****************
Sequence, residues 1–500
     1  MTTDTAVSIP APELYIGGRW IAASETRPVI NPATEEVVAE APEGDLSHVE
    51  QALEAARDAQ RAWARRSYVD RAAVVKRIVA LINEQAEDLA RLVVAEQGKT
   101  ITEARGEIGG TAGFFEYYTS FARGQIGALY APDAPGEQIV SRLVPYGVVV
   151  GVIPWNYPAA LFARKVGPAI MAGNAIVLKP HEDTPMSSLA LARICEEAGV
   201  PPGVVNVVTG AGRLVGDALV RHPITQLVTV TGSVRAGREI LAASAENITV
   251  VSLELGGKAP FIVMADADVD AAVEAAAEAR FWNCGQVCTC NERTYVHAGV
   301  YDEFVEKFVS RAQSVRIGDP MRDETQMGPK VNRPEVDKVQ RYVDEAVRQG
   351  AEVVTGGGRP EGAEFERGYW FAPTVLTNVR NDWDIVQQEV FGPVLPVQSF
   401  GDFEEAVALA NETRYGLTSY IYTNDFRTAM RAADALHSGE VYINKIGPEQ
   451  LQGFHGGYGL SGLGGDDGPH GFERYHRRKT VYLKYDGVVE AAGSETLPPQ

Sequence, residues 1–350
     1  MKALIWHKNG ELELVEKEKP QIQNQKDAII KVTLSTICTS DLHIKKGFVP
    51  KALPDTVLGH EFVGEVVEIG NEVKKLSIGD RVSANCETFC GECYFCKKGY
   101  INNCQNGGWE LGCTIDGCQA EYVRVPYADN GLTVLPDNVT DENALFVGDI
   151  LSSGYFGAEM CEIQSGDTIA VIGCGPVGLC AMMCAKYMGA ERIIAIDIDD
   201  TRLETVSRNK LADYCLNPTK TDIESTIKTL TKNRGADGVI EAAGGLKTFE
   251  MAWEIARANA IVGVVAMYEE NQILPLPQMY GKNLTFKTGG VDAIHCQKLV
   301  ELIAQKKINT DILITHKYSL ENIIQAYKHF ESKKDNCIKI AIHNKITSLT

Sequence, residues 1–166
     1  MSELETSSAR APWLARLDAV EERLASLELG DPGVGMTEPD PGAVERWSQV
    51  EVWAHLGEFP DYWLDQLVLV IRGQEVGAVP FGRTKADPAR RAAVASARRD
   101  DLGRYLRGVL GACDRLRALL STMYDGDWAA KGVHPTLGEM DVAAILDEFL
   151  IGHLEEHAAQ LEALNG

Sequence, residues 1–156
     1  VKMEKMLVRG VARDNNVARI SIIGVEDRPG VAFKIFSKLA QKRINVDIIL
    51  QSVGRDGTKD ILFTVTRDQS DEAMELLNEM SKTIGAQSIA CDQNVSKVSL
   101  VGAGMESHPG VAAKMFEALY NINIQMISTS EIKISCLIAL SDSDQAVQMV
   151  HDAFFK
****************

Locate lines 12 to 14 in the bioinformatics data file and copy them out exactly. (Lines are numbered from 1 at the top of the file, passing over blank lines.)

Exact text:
Sequence, residues 1–350
     1  MKALIWHKNG ELELVEKEKP QIQNQKDAII KVTLSTICTS DLHIKKGFVP
    51  KALPDTVLGH EFVGEVVEIG NEVKKLSIGD RVSANCETFC GECYFCKKGY